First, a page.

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Phelps coy about record bid
August 06, 2008 18:40 IST
It should come as no surprise that after breaking so many world records Michael Phelps [Images] sounds a bit like a broken record himself.
While the world's sporting media have become obsessed with the American's bid to win a record eight gold medals in Beijing [Images], Phelps refused to even discuss the subject.
Despite being grilled on the issue at a packed news conference on Wednesday, Phelps declined to discuss his prospects, rigidly sticking to the athlete's mantra he is taking it one race at a time.
"You guys [the media] are the ones talking about it, I'm not saying anything," the 23-year-old said. "I'm just preparing myself the best way I can to compete the best way I can. That's my goal and that's what I'm going to stick with.
"I haven't ever said anything about breaking any record or going after any record, I'm just going out there to try and do something I want to do."
If Phelps' ad nauseum responses were an attempt to deflect some of the media hype, he seems doomed to fail. His bid to beat the seven gold medals Mark Spitz [Images] won at the 1972 Munich Olympics [Images] is one of the biggest talking points in the Chinese capital.
It is a record many thought would never be broken but it suddenly seemed plausible when Phelps won six golds at Athens in 2004 then seven at last year's world championships in Australia [Images].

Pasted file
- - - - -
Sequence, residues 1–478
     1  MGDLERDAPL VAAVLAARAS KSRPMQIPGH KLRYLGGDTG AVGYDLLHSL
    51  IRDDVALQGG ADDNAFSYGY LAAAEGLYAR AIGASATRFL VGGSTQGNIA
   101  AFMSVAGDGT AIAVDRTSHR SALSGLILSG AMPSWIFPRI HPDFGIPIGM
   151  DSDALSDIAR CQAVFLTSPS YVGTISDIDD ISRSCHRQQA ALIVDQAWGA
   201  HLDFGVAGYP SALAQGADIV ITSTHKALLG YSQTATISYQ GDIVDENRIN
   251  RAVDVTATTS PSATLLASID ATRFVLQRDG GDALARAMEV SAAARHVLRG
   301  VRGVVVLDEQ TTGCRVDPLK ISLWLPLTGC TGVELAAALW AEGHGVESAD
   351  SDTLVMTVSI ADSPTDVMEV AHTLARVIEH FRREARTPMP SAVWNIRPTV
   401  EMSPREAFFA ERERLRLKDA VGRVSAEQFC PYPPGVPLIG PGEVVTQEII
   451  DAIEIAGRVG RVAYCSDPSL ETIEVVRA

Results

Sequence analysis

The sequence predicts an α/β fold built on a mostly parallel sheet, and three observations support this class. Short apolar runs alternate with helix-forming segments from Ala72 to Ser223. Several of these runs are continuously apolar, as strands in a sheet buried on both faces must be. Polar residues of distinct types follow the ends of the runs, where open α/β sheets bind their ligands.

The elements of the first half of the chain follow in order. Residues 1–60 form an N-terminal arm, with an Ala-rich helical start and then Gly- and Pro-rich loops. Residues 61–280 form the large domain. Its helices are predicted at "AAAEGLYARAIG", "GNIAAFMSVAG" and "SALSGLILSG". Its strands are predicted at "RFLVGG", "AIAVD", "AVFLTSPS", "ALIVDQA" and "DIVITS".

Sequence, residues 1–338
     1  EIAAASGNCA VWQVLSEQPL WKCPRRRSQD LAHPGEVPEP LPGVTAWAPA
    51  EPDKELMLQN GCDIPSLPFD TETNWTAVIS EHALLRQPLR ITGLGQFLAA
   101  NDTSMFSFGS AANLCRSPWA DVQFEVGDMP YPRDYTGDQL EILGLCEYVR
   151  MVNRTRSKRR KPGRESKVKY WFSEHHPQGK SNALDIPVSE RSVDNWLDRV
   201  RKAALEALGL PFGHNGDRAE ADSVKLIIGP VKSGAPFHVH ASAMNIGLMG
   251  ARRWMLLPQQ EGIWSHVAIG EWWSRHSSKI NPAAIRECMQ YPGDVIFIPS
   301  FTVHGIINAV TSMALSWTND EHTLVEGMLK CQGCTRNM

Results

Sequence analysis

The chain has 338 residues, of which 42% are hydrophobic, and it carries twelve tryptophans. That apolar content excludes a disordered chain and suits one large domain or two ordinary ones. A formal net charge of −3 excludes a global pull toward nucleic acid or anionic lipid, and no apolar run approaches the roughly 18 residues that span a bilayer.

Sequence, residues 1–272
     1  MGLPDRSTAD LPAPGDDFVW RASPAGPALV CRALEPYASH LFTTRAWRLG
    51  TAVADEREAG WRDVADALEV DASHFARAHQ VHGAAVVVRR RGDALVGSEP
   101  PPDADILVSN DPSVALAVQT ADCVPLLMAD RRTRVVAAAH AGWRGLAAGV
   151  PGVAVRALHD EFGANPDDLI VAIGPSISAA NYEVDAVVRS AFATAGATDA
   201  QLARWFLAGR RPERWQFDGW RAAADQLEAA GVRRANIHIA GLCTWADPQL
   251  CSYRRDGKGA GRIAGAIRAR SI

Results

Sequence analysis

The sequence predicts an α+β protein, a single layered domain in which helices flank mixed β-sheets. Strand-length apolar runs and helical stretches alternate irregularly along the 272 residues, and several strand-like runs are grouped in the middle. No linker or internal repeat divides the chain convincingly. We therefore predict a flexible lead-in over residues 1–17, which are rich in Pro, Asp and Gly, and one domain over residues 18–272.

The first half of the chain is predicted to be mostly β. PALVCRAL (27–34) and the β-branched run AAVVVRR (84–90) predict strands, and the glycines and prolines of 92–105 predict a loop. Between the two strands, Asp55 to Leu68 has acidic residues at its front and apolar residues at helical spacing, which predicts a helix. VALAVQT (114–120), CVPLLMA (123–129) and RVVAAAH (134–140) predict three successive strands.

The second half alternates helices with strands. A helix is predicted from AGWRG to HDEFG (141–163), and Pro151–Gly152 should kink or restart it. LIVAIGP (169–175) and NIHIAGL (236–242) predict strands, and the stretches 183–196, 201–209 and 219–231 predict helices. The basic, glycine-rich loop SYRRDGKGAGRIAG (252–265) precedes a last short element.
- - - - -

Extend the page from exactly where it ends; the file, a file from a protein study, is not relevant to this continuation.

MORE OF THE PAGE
His long-time coach Bob Bowman believes Phelps, who holds the world record in four different individual events, is in the best shape of his life both physically and mentally.
"He's just much stronger and mature so he's got a lot more power and still has the fitness," Bowman said.
"Emotionally, he's very much the same guy. He handles challenges really well, he wants to do really well in his races and he has his own goals.
"The biggest advantage he has now is that he's been through the process before so he knew what to expect and he's handled all of the other things that come with the Olympic Games better."
Phelps will swim five individual events in Beijing, 200 meters freestyle, 200 and 400 individual medley and the 100 and 200 butterfly.
He holds the world record for each of those events except the 100 butterfly but believes the 400 individual medley will pose the greatest challenge.
"They're all going to be hard...with so many races. I think one of my hardest ones is one of my first ones, the 400IM," he said. "That's the one I'm most excited to swim."
US head men's coach Eddie Reese said Phelps faces stiff challenges in all his races but he would not discount him winning the lot.
"He's got races from his own team [mates], he has races from other teams, he's the one up there at the top of the pyramid and everyone wants to be there," Reese said.
"I've seen him do some of the most amazing things. I would safely say I would never bet against him."
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